Banking leads the way for mobile app penetration testing

September 26, 2014

When one thinks of penetration testing, what comes to mind is most likely images of testers trying to physically break into a facility or hack into an enterprise server to test its security measures. While these tests are obviously critical, it's important to remember that cybersecurity must span the entire IT infrastructure.

The proliferation of mobile apps in almost every industry means that information is now traveling through connections from the millions of mobile devices owned by consumers. Mobile apps are poised to play a central role in nearly every commercial endeavor, and with it comes a need for a commitment to security/penetration testing.

Mobile apps and security
The proliferation of mobile devices, particularly the Android and iOS platforms has taken place only within the last decade. McAfee reported that as adoption of mobile platforms continues to grow, the demand for apps has grown right along with it. Banking apps in particular have been in high demand, due to their convenience.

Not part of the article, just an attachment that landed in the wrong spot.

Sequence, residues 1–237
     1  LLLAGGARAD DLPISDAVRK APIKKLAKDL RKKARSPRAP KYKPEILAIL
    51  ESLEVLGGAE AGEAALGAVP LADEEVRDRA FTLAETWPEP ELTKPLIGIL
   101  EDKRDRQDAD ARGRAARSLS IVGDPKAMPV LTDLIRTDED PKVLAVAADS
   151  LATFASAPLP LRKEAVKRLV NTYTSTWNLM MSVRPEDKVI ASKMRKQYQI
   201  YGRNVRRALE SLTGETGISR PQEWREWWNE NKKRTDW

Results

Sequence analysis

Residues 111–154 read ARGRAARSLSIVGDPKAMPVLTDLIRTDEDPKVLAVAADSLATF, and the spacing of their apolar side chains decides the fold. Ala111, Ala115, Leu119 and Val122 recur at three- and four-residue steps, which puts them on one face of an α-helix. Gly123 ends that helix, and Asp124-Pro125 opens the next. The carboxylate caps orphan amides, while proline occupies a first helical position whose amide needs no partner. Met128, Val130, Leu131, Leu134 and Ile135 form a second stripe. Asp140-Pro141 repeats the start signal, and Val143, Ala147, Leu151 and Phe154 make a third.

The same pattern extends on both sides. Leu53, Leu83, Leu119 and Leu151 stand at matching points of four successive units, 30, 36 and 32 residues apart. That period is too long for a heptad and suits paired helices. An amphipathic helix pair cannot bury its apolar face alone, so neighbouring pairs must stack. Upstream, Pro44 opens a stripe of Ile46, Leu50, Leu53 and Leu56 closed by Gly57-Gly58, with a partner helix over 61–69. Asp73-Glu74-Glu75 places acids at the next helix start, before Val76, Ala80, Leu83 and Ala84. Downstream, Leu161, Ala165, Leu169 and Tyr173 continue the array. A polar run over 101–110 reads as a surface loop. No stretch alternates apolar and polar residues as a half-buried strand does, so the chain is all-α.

McAfee said that mobile apps should be seen as extensions of desktop apps, and thus they should be afforded the same level of attention when it comes to security testing. The testing should also be conducted the same way it would on any non-mobile platform. 

Banking leads the way for mobile security innovation
Given the highly sensitive nature of consumer data that the banking industry handles through its emerging mobile apps, it makes sense that it has a heightened commitment to security for this particular channel. While routine penetration testing has its place here, security professionals in the banking industry know that more rigorous testing is necessary to ensure customer protection. Security measures on the client side have a key role in ensuring total system security. 

According to CSO Online, one tactic that banking app developers have implemented is putting code in the app that detects if a phone is jailbroken. If this is the case, the app will deny the user service. CSO also noted that code can be included in the app that detects malicious or rogue apps on the device. Client side security measures are crucial to finding out if the device is compromised in anyway. This idea is catching on in the banking industry, and experts expect that it will catch on elsewhere.

""Eventually those techniques will fill the gap to the more common apps, but right now, they're mostly used in the banking sector," said Tyler Shields, a senior analyst for Forrester.